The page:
BUSM researchers study epigenetic mechanisms of tumor metastasis for improved cancer therapy

A review article by researchers at Boston University School of Medicine (BUSM) suggests that epigenetics may be a useful target to stop the growth, spread and relapse of cancer. The findings are published online in Volume 14 of the International Journal of Molecular Science.

The term epigenetics refers to the external modifications to DNA that turn genes "on" or "off." These modifications do not change the DNA sequence, but instead, they affect how cells read genes.

The researchers propose that epigenetic and other changes mediate the development of progenitor cells. These cells represent the early stage of cancer cell development and can grow rapidly to become full-fledged cancer. According to the researchers, progression of different cancer stages and development of metastatic potential requires differentiation of these cancer progenitor cells.

"These findings are not only important in understanding how cancer progresses, but also help in understanding how cancer progenitor cells grow and differentiate via epigenetic regulators," said Sibaji Sarkar, PhD, instructor of medicine at BUSM.

Mutated cells are more vulnerable to the environment. Some of these mutations may alter epigenetic regulation in addition to epigenetic changes occurring by external and internal influences, which impacts gene expression and regulates cell behavior, playing a profound role when normal cells develop into progenitor .

Sarkar and his colleagues hypothesize that when the progenitor cancer metastasize, rapid growth halts. When differentiation is complete, the rapid growth resumes.

The researchers believe that are involved in this process. Once a degree of metastatic form of cancer is achieved, the genes, which cause the change, become inactive and the causing rapid growth are again turned on.

"The acknowledgement of as key regulators of this switching is expected to generate better epigenetic drugs. It has been suggested that epigenetic drug treatment in combination with standard chemotherapeutic drugs may have better outcomes in preventing and treating drug-resistant cancers," he added.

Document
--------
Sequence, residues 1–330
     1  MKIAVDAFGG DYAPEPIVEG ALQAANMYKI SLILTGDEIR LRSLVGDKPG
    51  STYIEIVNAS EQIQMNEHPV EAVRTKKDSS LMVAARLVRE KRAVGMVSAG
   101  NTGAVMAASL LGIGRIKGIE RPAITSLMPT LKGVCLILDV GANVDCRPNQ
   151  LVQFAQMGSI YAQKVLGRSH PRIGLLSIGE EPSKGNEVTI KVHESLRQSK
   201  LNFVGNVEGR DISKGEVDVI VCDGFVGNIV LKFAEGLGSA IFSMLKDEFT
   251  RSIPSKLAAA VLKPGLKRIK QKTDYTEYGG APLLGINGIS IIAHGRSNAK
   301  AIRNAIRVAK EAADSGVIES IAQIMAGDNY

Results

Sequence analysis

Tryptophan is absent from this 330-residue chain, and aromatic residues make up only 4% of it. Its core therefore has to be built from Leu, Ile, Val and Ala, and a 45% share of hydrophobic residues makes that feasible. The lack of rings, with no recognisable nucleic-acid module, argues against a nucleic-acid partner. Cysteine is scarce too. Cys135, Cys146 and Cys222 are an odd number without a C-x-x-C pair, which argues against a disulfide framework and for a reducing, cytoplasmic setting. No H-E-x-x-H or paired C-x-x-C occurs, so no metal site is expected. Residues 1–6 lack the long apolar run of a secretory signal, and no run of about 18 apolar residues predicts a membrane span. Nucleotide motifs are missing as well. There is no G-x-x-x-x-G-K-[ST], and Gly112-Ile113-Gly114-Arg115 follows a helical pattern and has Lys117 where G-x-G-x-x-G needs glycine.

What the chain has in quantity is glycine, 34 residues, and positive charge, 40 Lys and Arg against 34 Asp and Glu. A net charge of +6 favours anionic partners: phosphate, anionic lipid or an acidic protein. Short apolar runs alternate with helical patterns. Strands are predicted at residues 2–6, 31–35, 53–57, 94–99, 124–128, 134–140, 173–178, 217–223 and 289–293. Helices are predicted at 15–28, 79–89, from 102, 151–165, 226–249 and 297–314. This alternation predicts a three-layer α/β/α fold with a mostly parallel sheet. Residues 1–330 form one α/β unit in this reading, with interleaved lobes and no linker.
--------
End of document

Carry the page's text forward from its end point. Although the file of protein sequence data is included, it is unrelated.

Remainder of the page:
add to favorites email to friend print save as pdf

Related Stories

New epigenetic mechanisms for improved cancer therapy

Feb 19, 2013

A review article by researchers at Boston University School of Medicine (BUSM) proposes a new epigenetic hypothesis linked to tumor production and novel ideas about what causes progenitor cells to develop into cancer cells. ...

Homing in on developmental epigenetics

Aug 23, 2013

Germ cells have unique molecular features that enable them to perform the important task of transmitting genetic information to the next generation. During development from their embryonic primordial state, ...

Recommended for you

FOLFOXIRI plus bevacizumab ups outcome in metastatic CRC

9 hours ago

(HealthDay)—For patients with untreated metastatic colorectal cancer, chemotherapy with fluorouracil, leucovorin, oxaliplatin, and irinotecan (FOLFOXIRI) plus bevacizumab improves outcome versus fluorouracil, ...

Cancer exosome 'micro factories' aid in cancer progression

13 hours ago

Exosomes, tiny, virus-sized particles released by cancer cells, can bioengineer micro-RNA (miRNA) molecules resulting in tumor growth. They do so with the help of proteins, such as one named Dicer. New research from The University ...

User comments